MG: How has it been working with Elijah Wood this season?
JG: Elijah and I have always had this great chemistry from the beginning. It is funny because we are very different individuals and do not have a lot in common as men. But when we come together and work with these characters something really special happens. It is a bond that feels like family, really. In season one, I was a lot more polite. In season two, [laughs] well we all have a lot more fun. I don’t know if its because we can relax since we have an audience that loves our show already but we have purpose now and this great confidence. Originally, we really didn’t know who the character of Ryan was. But Elijah brought some much depth to his role. During our final screen tests with Elijah, I got into costume as Wilfred to give him an idea of what it would be like. While I was standing behind him, due to our stature, David said to me that it looks like Wilfred was his bodyguard. That really inspired me to bring out more of this protector in Wilfred that didn’t exist in the Australian version. Where as now Wilfred is trying to help Ryan become a man and survive in the world and it gives it more purpose. We just have fun and I hope it shows.

MG: Tell us about wearing your dog suit? Any behind-the-scene stories?
JG: People ask me if it is hard. I always say that it is as hard as it looks. Sometimes when I realize it is hard, I go through this euphoria…like this crazy state. People are telling me to take the suit off that I must be hot and I am just like “No, let’s do another! Let’s do another!”. Probably some semi-masochistic part of me, as I am losing my mind. It is like the pain when you are at the gym, it hurts but feels good.

MG: You guys must have massive amounts of outtakes, you ever find it hard to keep it as serious as you do?
JG: Actually last year Elijah only broke once and I think it was on the last day of shooting.  This year on season two, I think he broke on like day two and a couple of dozen times after, as did I though [laughs]. There is one thing in particular that happens between Wilfred and Ryan in episode seven, which I can’t say unfortunately. I couldn’t do a take without laughing. I had to shoot it separately without him. I told them we could do that scene 100 times and I will laugh 100 times. That was pretty funny!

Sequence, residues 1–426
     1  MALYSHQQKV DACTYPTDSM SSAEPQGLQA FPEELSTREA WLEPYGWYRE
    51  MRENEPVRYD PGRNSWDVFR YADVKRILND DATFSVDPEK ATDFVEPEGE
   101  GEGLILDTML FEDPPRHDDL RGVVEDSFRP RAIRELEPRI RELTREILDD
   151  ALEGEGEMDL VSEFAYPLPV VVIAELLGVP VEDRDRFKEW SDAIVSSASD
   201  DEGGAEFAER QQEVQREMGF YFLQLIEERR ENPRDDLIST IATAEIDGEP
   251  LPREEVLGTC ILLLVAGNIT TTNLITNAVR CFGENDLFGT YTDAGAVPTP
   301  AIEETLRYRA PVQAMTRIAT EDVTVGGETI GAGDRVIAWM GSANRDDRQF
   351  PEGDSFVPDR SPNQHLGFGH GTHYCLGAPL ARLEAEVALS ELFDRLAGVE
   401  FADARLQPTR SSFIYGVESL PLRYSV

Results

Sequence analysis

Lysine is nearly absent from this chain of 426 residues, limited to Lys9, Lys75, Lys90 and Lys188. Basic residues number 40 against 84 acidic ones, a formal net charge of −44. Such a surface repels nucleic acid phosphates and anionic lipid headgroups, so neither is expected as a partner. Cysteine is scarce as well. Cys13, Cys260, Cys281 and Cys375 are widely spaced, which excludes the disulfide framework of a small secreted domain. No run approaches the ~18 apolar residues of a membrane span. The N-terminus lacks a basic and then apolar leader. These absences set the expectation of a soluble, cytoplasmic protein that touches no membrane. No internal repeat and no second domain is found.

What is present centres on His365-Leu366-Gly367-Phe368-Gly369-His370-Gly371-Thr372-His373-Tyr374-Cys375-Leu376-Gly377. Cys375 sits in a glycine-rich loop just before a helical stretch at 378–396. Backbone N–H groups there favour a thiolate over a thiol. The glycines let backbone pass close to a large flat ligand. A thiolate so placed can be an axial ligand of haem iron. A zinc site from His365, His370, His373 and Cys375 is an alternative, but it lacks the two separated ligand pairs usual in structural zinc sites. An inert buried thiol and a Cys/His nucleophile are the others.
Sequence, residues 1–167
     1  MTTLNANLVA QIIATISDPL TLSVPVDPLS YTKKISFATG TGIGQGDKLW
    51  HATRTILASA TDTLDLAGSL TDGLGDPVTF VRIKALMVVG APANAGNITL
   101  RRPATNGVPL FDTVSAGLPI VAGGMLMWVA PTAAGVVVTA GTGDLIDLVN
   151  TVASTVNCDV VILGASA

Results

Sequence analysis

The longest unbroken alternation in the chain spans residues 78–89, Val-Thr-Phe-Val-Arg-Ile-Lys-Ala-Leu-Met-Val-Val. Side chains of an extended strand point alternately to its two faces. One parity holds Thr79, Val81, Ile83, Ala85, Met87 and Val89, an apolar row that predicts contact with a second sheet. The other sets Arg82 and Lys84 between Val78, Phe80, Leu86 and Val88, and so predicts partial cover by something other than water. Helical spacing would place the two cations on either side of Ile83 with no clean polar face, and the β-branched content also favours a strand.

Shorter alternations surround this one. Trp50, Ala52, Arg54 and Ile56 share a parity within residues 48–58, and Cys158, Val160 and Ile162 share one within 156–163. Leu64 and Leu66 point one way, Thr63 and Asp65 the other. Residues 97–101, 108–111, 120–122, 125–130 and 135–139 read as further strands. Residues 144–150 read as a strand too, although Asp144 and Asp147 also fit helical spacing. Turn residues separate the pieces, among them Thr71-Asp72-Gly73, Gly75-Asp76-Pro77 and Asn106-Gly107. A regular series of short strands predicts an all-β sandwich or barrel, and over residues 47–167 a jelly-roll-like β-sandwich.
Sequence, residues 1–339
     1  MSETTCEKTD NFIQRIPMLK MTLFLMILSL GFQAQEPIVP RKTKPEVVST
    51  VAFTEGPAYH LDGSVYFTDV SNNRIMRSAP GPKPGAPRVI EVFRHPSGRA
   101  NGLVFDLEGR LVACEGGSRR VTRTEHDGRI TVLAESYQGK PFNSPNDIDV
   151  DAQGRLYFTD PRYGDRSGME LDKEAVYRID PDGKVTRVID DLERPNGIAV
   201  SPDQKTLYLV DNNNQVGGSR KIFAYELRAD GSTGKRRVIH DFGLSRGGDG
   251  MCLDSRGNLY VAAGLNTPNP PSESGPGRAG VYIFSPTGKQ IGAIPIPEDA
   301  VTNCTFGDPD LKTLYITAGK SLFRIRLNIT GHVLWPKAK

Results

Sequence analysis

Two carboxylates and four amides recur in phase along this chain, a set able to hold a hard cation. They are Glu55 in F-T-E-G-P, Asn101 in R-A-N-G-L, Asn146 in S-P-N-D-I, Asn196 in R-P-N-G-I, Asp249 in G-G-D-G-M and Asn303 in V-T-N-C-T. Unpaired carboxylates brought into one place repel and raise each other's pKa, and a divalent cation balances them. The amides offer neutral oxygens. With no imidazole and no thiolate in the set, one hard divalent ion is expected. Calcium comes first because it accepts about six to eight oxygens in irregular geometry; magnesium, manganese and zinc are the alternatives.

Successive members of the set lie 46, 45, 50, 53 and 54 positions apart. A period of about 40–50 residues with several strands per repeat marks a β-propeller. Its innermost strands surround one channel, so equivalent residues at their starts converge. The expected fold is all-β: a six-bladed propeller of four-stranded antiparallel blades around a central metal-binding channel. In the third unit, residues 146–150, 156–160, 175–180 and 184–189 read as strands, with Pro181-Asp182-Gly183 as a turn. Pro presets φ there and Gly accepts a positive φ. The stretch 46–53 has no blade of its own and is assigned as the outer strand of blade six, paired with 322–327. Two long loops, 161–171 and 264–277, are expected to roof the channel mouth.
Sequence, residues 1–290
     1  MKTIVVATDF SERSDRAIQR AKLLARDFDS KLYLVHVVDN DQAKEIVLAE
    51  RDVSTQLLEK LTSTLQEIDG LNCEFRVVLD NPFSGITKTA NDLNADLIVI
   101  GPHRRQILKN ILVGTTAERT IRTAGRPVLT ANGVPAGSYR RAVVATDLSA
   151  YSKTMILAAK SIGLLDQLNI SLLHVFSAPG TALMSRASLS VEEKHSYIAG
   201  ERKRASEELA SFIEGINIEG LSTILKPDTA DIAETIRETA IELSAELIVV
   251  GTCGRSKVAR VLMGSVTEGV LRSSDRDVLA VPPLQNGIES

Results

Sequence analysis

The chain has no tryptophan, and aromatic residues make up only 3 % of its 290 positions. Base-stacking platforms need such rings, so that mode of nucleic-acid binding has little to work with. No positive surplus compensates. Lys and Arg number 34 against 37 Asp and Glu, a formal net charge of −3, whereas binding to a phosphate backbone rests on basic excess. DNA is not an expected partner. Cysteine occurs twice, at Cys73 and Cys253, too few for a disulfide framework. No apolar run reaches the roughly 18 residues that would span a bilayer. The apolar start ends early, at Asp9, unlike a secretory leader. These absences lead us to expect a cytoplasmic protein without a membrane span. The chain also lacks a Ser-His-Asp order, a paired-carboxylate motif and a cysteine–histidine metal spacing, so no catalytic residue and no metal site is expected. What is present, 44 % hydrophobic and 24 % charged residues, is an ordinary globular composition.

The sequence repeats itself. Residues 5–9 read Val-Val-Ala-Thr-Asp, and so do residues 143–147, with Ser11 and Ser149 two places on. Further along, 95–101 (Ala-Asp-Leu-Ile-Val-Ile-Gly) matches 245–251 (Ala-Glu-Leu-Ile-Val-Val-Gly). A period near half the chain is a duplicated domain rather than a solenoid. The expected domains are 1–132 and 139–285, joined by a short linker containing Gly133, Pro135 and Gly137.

MG: What do you enjoy most about working on this show?
JG: When Wilfred was with Raffi (the toy Giraffe) in season one, he was massaging her neck, then bending the neck backwards in order to give a blow job [laughs]. When we came up with that in the writers room, I said “I think we can safely say that nothing like this has ever been on TV before.” When we have moments like that I get really excited…and luckily we have several this year.

MG: Robin Williams, Rob Riggle, Steven Weber and Allison Mack all guest starred in season two’s preview episode, who else can we expect from season two?
JG: Unlike last year, when we just had one guest star per episode, Robin Williams and Allison Mack will also come back for a few episodes. We also go into Ryan’s work environment for a while, so that is different. We also have returning guests from season one like Chris Klein and Mary Steenburgen back. It is really humbling to get people that one our show. Also it wasn’t our intention to make this season more dark, even though I think it is funnier.  But it does get a little dark and I look forward to seeing that as well. I hope everyone enjoys it.

 

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Jason Michael Paul talks about “Legend of Zelda: Symphony of the Goddesses” Tour